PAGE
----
Sometimes it may, however, be desired to give the patient, in addition to blood and alimentation fluid, a
third infusion fluid at the same time. For this purpose the embodiment of the invention showd in FIGS. 4 and 5 is well suited. From FIG. 4 it is evident that the valve tap 4 is formed with an axial cavity 16' and in the upper part of said cavity a valve diaphragm 32 of rubber or a similar material is mounted. The valve diaphragm 32 is in sealing engagement with the hole 16' of the valve tap 4 and it is formed with a radially projecting flange 33 adapted to engage the upper edge of the valve tap 4. A thin and narrow cut 34 has been made in the lowermost part of the valve diaphragm. The cut 34 is sufficiently narrow and thin so as to completely seal against penetration of air, fluid or particles into the inner parts of the valve at normal pressure from the outside. The upper part of the bore 16 may, like the diaphragm 32, be made according to any suitable standard in order that a syringe without cannula may be connected to the inner parts of the valve diaphragm 32 .with a good seal. The valve diaphragm 32 will thereby form an injection valve. FIG. 5a shows the action during an injection through the valve diaphragm 32 and FIG. 5b shows the function at infusion through the inlet nozzles 6 and 7. Thus, when the syringe has been connected to the valve diaphragm 32 and the injection fluid is forced towards the inner part of the valve diaphragm, the lower cupformed part thereof is forced to widen somewhat, whereby the cut 34 opens and permits the injection fluid to enter the valve. As soon as the pressure from the syringe ceases, the cut 34 recloses and prevents further injection fluids from passing into the valve and blood and infusion fluid from escaping from the valve to the valve diaphragm 32.
In instances where only the inlet nozzles 6 and 7 are used for the infusion, the illustration of FIG. 5b is present, whereby the fluid under pressure existing within the valve will cause a pressure upwards in the direction of the arrow against the cup-formed part of the valve diaphragm. This cup-formed part will thereby become somewhat compressed by a pressure which will increase as the pressure on the fluid within the valve rises. This prevents leakage even at fairly high pressures within the valve. In FIG. 5b the normal position of the valve diaphragm has been indicated by dotted lines, while its pressure actuated position has been indicated by continuous lines. Preferably also the valve diaphragm 32 is provided with some form of protection means known per se for preventing emptying of the valve diaphragm when no injection takes place.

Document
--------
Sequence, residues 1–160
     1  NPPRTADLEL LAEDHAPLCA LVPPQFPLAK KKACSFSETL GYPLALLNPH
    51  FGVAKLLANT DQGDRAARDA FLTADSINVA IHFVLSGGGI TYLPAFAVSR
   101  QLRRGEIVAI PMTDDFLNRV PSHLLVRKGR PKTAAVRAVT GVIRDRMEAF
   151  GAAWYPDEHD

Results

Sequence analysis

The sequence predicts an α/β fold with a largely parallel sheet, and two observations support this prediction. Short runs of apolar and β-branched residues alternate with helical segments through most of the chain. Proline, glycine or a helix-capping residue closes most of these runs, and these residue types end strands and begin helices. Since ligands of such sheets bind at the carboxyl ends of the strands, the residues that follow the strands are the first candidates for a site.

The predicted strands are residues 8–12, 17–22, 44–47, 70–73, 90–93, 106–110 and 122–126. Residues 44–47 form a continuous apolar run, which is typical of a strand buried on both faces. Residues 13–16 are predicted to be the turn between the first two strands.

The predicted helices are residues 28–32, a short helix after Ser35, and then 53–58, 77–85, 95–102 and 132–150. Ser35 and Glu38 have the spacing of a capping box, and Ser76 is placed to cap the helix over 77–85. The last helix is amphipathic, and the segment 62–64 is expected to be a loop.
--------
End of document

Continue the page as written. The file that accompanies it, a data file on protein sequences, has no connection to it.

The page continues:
it will be obvious to a person skilled in the art that the invention may be modified in many various ways by replacing various parts by equivalent parts or by adapting the arrangement to various alternative purposes without departing from the spirit or scope of the invention.
What we claim is:
1. An infusion cannula assembly comprising, a threeway valve including a valve body having at least two inlet openings for introduction of infusion fluids and an outlet opening, the openings being disposed radially normal with each other, one of said inlet openings being positioned along a line common with said outlet opening, a catheter sealingly engaged on said outlet opening, the catheter including a connection bracket having a pair of arcuate wings formed integral therewith, a cannula having a puncturing point at one end and a cannula connection tube at the other end, said cannula removably received through said one inlet opening and said catheter, said valve body being of generally cup-shaped configuration with an open top, a valve tap of generally cup-shaped configuration with an open top and bottom, the valve body having a raised extension formed in the bottom thereof defining an annular groove between said extension and the walls of the valve body, said valve tap being sealingly and rotatably mounted in the open top of the valve body with the open bottom of the valve tap disposed within the valve body, the bottom of the valve tap being positioned in said groove to be guided thereby, said valve tap including gate-formed slots opening to the bottom thereof to permit selective introduction of infusion fluids from either or both of said inlet openings, the valve tap including a handle with three radially outstanding pins disposed in corresponding arrangement with said slots such that the disposition of the slots and the resultant flow through the tap valve is indicated by said pins, the valve tap forming a mixing chamber within the valve body, said valve tap including a resilient diaphragm positioned over the top thereof and extending therewithin, said diaphragm having a narrow slit on the portion thereof extending within the valve tap, whereby infusion fluids may selectively be introduced under pressure into said assembly through said diaphragm independent of the disposition of the slots in said valve tap, but said diaphragm will otherwise maintain an airtight seal of said valve tap on said assembly, and annular bulge and groove means positioned between said valve body and valve tap and between said catheter and said outlet opening such that an air-tight seal is formed therebetween to prevent inadvertent entry of air into said assembly.